In the last blog, we debunked Peter Zeihan’s sensational claims about China’s demise. Now, let’s analyze his other famous prediction about de-globalization.
First of all, this is predicated on Peter’s another silly claim that the US is sick of running the world and is going to withdraw itself. Well, Trump kinda tried it and he got kicked out by the globalists. Trump’s tariffs on China and attempts to eradicate US trade deficit failed miserably. Last year, the US imported $500 billion of Chinese goods. And the EU imported another $500 billion or so of goods from China.
Furthermore, after COVID and the trade war, all the pundits claimed that China’s role as the manufacturing powerhouse was kaput. Well, guess what, China’s trade surplus is about to hit record $800 billion this year!
And it’s not just the West or China. The entire world is busy trading with one another — buying the cheapest goods and raw materials, while seeking new customers. The only ones having temper tantrums are the American and European politicians.
Asian countries — except for India — have been gladly signing numerous free trade agreements like CPTPP and RCEP. Latin America is also realizing that going along with US’ suggestions is not always a good idea. That’s why Brazil is buying more Russian oil products now, and Argentina is joining BRICS. Saudi Arabia just said that Russia is an integral member of OPEC+ and warned that any conflict with China will be terrible for the world. Not surprisingly, Biden’s trip to Saudi Arabia this month was a big failure.
Just look at the world trade: It quintupled in the last three decades, from $5 trillion to $27 trillion. Developing countries are getting rich by globalization. They don’t want to reverse this trend.
Theoretically, there may be what I call as “re-globalization.” It entails moving the supply chains around for geopolitical or economic reasons. This is a more realistic description of what’s happening than Peter Zeihan’s “death of globalization.”
Some examples of re-globalization will be moving some semiconductor manufacturing from Taiwan to Japan (in case China takes over Taiwan); Apple moving some iPhone/iPad assembly to Vietnam to save money; India trying to make pharmaceutical raw materials (API) at home to reduce trade deficit with China; or Europe investing in natural gas pipelines in Azerbaijan.
However, this has to be done gradually and prudently. What’s happening with EU and Russia this year is an example of what NOT to do. Thousands of Western companies abruptly left Russia within a matter of weeks. Then the West simply stole about $400 billion of Russia’s foreign exchange reserves; and Russia was cut off from the SWIFT financial system. This was an unprecedented and stunning geopolitical stunt that gambled a lot but seemed to have backfired badly. Europe is suffering far more than Russia now. Moreover, let’s remember that World Wars I and II happened for a lot less provocation. We should be glad that Putin is a very sensible and strategic guy.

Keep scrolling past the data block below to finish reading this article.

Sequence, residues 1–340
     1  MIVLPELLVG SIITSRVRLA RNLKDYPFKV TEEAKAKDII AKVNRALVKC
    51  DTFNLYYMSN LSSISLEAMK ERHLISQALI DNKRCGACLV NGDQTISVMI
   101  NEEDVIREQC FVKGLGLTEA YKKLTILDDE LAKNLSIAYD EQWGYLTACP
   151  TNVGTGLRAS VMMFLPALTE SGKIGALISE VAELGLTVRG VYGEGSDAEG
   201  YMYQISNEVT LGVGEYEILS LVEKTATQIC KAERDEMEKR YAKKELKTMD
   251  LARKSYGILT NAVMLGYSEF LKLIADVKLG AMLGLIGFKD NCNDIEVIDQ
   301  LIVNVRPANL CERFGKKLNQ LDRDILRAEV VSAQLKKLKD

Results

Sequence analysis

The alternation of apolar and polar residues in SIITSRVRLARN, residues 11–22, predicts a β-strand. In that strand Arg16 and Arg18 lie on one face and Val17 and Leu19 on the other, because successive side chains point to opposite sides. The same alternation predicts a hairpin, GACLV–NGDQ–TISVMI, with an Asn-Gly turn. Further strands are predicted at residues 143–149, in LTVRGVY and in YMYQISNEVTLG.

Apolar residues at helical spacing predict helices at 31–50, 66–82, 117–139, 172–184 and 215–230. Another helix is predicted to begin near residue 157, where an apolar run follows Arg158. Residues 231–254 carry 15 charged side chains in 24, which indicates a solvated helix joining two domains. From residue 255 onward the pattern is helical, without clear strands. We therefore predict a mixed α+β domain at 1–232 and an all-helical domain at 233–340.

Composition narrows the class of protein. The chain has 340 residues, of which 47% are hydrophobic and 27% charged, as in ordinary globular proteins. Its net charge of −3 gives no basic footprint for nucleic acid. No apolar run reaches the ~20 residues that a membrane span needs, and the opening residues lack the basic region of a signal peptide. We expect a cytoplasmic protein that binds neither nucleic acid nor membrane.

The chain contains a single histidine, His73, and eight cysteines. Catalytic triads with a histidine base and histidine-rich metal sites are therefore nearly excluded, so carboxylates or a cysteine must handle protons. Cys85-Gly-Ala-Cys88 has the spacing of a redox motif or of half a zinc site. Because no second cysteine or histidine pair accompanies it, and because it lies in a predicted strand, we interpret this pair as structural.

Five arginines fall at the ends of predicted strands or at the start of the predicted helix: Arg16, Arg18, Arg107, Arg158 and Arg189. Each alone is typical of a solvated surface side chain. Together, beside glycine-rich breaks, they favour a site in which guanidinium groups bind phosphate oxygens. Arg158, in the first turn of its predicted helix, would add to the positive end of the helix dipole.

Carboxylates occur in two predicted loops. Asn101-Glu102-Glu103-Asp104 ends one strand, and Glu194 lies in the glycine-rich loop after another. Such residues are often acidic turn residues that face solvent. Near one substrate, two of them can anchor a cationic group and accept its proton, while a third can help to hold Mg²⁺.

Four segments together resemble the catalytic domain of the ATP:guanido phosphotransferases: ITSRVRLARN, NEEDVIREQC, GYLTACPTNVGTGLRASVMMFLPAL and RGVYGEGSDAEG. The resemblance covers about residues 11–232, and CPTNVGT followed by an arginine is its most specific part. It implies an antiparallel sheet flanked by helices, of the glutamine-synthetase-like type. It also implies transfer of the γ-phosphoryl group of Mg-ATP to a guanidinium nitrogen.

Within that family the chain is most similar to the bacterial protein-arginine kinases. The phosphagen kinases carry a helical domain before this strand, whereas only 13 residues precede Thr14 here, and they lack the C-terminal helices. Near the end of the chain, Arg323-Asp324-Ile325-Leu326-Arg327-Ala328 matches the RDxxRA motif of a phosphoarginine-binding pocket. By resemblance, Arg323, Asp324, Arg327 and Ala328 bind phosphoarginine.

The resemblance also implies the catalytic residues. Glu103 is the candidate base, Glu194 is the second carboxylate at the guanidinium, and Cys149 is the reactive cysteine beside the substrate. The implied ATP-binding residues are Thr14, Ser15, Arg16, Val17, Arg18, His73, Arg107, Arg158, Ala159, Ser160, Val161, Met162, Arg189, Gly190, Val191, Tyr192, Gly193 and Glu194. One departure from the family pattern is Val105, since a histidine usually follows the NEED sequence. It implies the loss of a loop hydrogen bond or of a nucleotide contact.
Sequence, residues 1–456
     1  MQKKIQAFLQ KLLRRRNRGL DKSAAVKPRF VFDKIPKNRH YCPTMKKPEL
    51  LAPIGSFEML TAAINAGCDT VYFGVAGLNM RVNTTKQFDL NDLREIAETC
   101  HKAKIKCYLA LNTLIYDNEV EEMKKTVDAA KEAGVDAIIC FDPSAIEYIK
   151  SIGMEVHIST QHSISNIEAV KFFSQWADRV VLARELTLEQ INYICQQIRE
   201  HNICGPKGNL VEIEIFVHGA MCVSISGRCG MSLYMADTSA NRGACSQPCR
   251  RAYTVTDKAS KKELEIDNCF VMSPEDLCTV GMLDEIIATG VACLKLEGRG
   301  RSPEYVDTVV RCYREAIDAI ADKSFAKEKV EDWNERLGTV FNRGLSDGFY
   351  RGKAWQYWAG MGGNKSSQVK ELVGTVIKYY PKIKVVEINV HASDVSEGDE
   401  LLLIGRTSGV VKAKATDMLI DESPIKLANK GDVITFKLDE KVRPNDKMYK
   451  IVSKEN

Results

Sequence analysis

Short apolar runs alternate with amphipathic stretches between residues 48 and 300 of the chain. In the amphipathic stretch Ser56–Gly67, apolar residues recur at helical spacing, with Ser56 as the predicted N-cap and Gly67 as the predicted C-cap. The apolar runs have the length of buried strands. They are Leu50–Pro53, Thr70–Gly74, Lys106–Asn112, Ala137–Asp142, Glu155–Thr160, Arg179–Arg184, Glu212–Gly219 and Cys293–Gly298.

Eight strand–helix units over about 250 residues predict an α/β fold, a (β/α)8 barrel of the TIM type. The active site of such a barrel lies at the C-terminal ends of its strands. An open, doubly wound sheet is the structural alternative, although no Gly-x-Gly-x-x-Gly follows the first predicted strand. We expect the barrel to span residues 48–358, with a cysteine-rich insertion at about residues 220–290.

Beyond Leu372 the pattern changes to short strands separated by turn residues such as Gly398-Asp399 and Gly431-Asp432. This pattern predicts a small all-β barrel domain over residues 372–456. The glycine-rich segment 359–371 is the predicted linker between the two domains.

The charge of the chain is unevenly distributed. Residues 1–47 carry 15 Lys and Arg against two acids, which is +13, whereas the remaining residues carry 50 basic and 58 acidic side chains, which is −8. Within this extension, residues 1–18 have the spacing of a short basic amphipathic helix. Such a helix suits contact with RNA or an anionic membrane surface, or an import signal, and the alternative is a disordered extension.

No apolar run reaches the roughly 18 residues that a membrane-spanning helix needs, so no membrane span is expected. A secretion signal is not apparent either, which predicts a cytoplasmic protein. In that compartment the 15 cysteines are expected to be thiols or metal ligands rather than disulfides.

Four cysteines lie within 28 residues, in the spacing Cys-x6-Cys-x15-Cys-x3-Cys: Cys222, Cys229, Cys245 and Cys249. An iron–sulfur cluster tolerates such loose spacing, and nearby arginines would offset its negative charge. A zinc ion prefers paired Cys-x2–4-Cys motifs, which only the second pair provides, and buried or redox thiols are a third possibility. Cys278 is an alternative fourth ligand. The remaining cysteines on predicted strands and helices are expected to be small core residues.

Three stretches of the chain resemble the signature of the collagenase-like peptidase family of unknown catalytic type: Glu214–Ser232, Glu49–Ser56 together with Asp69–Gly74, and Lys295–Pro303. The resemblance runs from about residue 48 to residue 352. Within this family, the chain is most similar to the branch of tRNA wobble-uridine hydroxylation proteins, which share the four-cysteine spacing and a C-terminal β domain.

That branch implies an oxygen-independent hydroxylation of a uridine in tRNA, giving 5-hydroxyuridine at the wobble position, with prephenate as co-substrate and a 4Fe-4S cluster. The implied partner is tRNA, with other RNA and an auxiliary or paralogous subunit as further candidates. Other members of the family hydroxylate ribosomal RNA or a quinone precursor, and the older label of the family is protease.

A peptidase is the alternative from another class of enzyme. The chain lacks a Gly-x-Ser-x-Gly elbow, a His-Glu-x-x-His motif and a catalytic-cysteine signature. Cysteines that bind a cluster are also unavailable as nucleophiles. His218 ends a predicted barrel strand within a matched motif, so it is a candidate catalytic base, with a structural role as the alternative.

Re-globalization, otherwise, will be a slow process, since it involves a lot of new investment and changes to existing logistics. It’s not easy. Take Zeihan’s crazy idea that the US can easily move manufacturing from China to Mexico. It’s impossible. China’s manufacturing output is 20x that of Mexico — $4.8 trillion versus $232 billion. That means, to move just 5% of Chinese manufacturing to Mexico, the output of Mexico has to double! The last time, it took Mexico 20 years to double their manufacturing output. (chart). So, it’s mission impossible. Plus, 62% of Mexico’s workforce is in services. Once people go into services, it’s impossible to get them back into factory jobs (or farming). Link for chart below:
As China gets older and more expensive, there will be shift in manufacturing, but it will be a gradual process, since China dominates the sector. Plus, China’s mastery of logistics and vast infrastructure are not easy to replicate. Consider that 7 out of the 10 busiest seaports are in China. Finally, who knows how automation and robots are going to change manufacturing?